As I looked out a moment ago from the Reichstag, that embodiment of German unity, I noticed words crudely
    spray-painted upon the wall, perhaps by a young Berliner (quote):
    “This wall will fall. Beliefs become reality.”
    Yes, across Europe, this wall will fall, for it cannot withstand faith; it cannot withstand truth. The wall cannot
    withstand freedom.
    And I would like, before I close, to say one word. I have read, and I have been questioned since I’ve been here
    about certain demonstrations against my coming. And I would like to say just one thing, and to those who
    demonstrate so. I wonder if they have ever asked themselves that if they should have the kind of government
    they apparently seek, no one would ever be able to do what they’re doing again.
  18. Fortitude (noun) courage in pain or adversity; resilience
  19. Abiding (adjective) enduring
  20. Secular (adjective) having no religious or spiritual basis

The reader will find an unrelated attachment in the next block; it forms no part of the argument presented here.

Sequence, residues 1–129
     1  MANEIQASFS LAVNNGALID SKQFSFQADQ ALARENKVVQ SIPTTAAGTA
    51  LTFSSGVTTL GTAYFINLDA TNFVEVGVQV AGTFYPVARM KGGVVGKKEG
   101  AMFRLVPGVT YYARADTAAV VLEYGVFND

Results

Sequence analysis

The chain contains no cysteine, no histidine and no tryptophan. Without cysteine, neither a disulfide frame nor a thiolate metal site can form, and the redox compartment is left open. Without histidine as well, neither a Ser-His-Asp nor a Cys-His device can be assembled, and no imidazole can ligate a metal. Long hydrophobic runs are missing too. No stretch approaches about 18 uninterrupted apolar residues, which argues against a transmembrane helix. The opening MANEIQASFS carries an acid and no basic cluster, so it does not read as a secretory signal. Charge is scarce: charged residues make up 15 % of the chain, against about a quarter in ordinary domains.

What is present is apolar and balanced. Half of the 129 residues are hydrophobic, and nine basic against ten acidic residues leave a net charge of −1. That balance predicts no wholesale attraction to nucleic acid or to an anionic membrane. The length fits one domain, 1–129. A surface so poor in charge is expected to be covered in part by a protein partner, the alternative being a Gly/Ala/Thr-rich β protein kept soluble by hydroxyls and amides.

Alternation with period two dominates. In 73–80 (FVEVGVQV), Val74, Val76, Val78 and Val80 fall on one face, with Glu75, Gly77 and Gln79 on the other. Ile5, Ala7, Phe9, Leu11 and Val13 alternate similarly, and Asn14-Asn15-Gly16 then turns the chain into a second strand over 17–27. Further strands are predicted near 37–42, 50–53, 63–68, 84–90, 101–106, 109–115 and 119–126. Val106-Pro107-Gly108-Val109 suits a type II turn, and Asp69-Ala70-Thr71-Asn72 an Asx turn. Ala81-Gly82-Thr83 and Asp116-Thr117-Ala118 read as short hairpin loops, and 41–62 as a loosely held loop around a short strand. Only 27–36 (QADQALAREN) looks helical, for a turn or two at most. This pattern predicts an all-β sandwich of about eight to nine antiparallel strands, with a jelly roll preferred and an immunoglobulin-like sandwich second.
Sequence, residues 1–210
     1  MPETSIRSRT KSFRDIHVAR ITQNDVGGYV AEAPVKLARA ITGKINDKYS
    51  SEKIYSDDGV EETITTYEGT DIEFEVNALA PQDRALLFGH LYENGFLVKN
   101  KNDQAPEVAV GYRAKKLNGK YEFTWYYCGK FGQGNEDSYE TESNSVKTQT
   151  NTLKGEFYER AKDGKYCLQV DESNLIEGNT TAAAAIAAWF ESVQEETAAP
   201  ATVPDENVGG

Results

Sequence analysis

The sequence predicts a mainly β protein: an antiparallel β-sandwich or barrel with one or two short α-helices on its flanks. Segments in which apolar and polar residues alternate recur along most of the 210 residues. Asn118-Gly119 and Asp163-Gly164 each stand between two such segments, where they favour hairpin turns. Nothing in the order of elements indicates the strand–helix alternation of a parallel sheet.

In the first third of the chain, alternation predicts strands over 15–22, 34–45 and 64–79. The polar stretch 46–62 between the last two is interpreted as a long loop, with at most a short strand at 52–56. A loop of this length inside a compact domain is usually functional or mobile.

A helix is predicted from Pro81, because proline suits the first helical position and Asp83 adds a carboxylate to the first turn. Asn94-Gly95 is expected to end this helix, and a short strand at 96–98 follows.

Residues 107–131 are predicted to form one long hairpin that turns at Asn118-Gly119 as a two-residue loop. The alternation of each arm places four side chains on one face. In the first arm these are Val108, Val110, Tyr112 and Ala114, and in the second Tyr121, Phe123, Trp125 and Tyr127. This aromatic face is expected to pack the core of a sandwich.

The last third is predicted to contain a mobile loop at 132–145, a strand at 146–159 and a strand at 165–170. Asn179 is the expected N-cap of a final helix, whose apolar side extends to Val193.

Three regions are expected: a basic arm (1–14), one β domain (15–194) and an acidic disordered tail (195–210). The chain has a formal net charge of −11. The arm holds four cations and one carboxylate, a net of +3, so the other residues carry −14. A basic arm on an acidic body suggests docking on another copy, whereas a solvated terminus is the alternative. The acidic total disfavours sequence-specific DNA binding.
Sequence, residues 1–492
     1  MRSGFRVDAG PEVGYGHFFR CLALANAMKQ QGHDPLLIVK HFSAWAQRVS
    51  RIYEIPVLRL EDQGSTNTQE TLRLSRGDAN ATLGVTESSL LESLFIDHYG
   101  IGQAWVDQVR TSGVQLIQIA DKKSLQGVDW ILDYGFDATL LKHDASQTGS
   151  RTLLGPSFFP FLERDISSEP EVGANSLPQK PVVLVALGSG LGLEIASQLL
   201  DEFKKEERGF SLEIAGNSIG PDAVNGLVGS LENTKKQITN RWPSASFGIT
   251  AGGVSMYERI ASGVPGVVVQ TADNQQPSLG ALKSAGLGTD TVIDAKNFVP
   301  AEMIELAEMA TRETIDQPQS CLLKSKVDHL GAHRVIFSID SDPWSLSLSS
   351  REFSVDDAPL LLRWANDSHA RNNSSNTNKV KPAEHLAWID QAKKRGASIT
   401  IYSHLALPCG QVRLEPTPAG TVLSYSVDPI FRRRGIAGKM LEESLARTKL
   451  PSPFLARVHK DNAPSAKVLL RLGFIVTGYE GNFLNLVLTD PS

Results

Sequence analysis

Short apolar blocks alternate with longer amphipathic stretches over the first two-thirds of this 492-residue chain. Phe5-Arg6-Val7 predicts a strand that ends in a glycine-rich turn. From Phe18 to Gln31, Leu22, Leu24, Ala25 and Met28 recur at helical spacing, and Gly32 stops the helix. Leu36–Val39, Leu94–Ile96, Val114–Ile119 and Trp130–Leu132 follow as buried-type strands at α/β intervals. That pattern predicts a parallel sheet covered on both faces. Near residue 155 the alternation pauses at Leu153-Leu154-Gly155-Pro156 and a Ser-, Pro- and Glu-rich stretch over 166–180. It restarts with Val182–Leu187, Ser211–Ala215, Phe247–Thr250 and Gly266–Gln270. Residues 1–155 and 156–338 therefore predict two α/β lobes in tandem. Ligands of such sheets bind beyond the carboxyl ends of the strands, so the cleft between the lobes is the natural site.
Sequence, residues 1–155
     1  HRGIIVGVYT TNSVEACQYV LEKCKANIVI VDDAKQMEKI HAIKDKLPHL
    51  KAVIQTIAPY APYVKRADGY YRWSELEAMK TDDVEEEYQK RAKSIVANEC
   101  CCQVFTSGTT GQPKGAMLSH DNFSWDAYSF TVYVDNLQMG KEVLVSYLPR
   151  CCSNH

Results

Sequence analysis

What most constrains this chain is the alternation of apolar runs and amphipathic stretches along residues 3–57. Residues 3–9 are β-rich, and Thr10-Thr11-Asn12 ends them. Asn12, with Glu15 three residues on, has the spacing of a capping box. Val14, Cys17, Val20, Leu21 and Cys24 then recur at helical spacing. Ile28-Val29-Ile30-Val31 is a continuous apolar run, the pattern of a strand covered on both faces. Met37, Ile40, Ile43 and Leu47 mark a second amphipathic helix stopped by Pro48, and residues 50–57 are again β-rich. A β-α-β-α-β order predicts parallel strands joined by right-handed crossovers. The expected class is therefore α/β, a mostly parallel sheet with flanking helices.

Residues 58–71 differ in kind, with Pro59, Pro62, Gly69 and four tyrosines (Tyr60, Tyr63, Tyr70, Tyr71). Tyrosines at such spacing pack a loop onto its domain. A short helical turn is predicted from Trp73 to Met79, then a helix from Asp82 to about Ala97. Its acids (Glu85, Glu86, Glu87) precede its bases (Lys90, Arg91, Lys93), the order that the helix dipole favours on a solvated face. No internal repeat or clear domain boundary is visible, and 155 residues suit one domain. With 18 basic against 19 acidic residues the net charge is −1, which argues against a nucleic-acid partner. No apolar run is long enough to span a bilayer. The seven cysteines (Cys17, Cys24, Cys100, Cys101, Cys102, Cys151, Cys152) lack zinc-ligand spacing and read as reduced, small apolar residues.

[45] Thank you and God bless you all. Thank you.
    “President Reagan’s Speech at the Brandenburg Gate” from the Ronald Reagan Presidential Library by President
    Ronald Reagan (1987) is in the public domain.
    Unless otherwise noted, this content is licensed under the CC BY-NC-SA 4.0 license
    Discussion Questions
    Directions: Brainstorm your answers to the following questions in the space provided. Be prepared to share
    your original ideas in a class discussion.
  21. In your own words, what did the Berlin Wall represent to the United States? Why were they so
    invested in this structure that existed in the middle of one city in Germany?
  22. What might have happened if the wall didn’t come down? Consider American history involving postwar Germany and the Soviet Union, as well as general American values, in your answer.
  23. How did the German people likely respond to Reagan’s speech? How did the Soviets respond? What
    change did Reagan’s speech bring about, if any? Cite evidence from this text, your own experience,
    and other literature, art, or history in your answer.